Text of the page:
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Work Henri IV as Jupiter

Department of Decorative Arts: Renaissance

Henri IV as Jupiter

© 2007 Musée du Louvre / Pierre Philibert

Decorative Arts

Baratte Sophie

This statuette, both a portrait of the French king, Henri IV, and a representation of the Roman god Jupiter with his emblem, the eagle, is noteworthy for its having been signed by the artist. It has a pendant in a statuette of Marie de' Medici as Juno and can be dated to the first decade of the seventeenth century, before the king's assassination by Ravaillac.

Henri IV as Jupiter

The statuette and its pendant represent the royal couple as Roman deities. They were commissioned at a time when order had been restored to a France which, unwilling to accept a heretic as heir to the throne, had been riven by the Wars of Religion. Henri IV, however, had abjured the reformed religion in 1593 and, in 1594, had been crowned in Chartres Cathedral. In 1600, he married Marie de' Medici, who in 1601 provided him with an heir, assuring the future of the Bourbon line. The reorganization of the kingdom allowed the great building projects of the Renaissance to be taken in hand again. Mythological themes commonly featured in the ephemeral scenery put up for such events as the ceremonial entry of the king into Paris, and also in the decoration of more lasting constructions such as the Louvre.

The sculptor

This is the only known statuette signed by Barthélémy Prieur. He was a sculptor of funerary monuments, a number of which are in the sculpture department of the Louvre. One such is the Monument for the Heart of Constable Anne de Montmorency (d. 1569), for which he produced the two allegorical female figures in bronze, commissioned in 1571. The Louvre also has his bronze sculptures for the tomb of Christophe de Thou, produced between 1582 and 1585. Prieur was appointed Court Sculptor in 1594.
The first mention of the two little statuettes is in an inventory of 1742, which records their presence in the Grand Cabinet at the château de Bercy, an estate which had remained in the same family, inherited in the direct line, since Charles de Malon (1568-1638), rapporteur and president of the Grand Council in 1608, senior member of the Council of State in 1613 and Attorney General to the Crown in 1616. The ownership of the two bronzes cannot, however, be traced back with certainty to the early seventeenth century.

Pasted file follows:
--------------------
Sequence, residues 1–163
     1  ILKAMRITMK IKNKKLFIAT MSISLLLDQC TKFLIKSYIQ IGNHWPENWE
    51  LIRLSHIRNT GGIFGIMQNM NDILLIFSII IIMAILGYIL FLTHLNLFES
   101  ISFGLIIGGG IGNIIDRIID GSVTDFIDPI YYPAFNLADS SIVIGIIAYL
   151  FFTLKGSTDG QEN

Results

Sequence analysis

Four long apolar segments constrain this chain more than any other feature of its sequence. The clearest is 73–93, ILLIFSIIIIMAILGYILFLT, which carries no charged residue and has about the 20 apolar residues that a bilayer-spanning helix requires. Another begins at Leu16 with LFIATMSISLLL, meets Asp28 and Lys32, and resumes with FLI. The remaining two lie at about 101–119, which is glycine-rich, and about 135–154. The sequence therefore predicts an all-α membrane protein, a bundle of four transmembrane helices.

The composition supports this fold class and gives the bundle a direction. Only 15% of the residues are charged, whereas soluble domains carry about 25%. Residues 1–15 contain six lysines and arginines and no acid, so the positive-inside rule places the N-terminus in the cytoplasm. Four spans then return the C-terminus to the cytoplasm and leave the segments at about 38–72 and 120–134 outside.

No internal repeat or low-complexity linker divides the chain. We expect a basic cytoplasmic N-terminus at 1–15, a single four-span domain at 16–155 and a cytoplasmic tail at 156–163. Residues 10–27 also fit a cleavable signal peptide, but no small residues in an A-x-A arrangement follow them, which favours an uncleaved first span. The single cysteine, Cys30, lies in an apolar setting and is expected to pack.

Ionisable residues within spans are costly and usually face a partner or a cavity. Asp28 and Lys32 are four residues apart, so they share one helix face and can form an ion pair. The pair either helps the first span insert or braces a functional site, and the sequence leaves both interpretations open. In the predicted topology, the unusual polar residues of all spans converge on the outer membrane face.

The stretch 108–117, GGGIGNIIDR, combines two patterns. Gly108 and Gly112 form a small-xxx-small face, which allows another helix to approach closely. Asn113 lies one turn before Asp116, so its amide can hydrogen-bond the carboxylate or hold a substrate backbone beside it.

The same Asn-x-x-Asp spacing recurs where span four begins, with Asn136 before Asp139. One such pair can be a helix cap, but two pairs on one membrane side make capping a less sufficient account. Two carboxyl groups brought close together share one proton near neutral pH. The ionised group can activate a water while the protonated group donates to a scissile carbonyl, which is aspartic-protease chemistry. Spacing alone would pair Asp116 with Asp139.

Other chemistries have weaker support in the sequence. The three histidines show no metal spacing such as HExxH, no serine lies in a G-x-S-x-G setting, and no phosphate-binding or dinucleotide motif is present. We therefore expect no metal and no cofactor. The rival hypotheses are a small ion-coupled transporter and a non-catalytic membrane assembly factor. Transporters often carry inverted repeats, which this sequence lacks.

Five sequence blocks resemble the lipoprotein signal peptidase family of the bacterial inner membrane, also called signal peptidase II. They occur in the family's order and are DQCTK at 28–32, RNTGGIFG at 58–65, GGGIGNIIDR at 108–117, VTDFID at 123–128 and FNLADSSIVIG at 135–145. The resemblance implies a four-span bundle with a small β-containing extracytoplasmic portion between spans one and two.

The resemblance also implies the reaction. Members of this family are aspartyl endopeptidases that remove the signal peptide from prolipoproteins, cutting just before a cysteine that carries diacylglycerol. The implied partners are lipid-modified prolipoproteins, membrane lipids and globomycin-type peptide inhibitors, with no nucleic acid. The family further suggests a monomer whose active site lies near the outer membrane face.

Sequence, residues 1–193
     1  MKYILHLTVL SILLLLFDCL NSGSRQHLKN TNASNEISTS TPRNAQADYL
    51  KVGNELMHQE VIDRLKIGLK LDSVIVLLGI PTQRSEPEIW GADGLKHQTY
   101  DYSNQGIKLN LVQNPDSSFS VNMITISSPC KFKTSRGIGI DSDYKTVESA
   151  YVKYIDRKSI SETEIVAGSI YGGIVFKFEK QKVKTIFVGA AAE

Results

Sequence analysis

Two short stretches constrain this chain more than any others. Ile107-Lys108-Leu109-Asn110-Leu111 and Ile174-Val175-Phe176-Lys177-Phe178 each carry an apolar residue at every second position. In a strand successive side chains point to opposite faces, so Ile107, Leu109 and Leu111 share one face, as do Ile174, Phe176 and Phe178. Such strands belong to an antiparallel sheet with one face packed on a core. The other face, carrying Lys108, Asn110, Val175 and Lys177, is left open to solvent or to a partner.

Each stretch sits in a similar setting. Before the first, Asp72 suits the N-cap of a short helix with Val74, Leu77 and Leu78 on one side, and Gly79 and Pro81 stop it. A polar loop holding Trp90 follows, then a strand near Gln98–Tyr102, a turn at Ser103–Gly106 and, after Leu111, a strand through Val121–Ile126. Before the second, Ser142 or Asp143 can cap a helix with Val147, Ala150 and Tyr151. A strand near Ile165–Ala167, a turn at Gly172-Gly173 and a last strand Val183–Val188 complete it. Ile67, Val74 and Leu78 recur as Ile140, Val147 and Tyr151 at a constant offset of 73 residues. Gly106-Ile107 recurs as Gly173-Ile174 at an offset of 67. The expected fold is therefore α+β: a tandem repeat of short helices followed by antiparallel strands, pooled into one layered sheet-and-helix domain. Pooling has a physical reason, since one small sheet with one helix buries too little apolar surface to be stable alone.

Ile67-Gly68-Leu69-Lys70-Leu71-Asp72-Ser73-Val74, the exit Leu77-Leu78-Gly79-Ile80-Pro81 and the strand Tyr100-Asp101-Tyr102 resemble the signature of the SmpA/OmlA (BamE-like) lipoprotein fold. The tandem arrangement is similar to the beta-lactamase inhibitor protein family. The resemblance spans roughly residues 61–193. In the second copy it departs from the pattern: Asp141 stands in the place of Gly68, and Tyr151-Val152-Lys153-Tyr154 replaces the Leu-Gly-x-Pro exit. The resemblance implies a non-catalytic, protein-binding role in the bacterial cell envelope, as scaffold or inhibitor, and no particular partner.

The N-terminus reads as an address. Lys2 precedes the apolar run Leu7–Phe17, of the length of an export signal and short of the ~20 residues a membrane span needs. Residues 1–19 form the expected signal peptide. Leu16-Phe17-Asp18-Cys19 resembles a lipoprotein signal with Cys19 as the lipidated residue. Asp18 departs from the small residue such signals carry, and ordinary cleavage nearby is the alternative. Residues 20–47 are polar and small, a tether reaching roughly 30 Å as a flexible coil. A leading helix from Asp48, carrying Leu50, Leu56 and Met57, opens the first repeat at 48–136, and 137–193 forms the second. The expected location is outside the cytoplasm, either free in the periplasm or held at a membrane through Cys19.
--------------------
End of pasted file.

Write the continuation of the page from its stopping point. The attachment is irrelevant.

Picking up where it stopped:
The art of the small bronze at the beginning of the seventeenth century

The art of bronzecasting, which had in fact been practiced without interruption from antiquity, enjoyed an astonishing revival in Florence in the early fifteenth century, becoming an essential aspect of Italian sculptural production. François I of France had been keen to have reproductions of the most famous antique sculptures cast for his château de Fontainebleau. This led, as in Italy, to the production of bronze statuettes to decorate furniture or to adorn the cabinets of scholars, works which in general remained anonymous. In the case of court sculptor Barthélémy Prieur there are two inventories, from 1583 and 1611, recording the presence in his workshop of a large number of statuettes of very diverse subjects, and it is clear that this great sculptor used to model figurines. But given the quantity of statuettes of rustic or "intimiste" subjects, and the variation in artistic quality, other bronzecasters, whose existence is documented in the archives, must have been responsible for the wide distribution throughout the first half of the seventeenth century of the subjects which Barthélémy Prieur had modeled and of which he had perhaps cast the first example.

Technical description

  • Barthélemy PRIEUR (Berzieux (Marne), 1536 - Paris, 1611)

    Henri IV as Jupiter

    C. 1600-10


  • Bronze

    H. 0.63 m

  • Acquired in 1986 , 1986

    OA 11054

  • Decorative Arts

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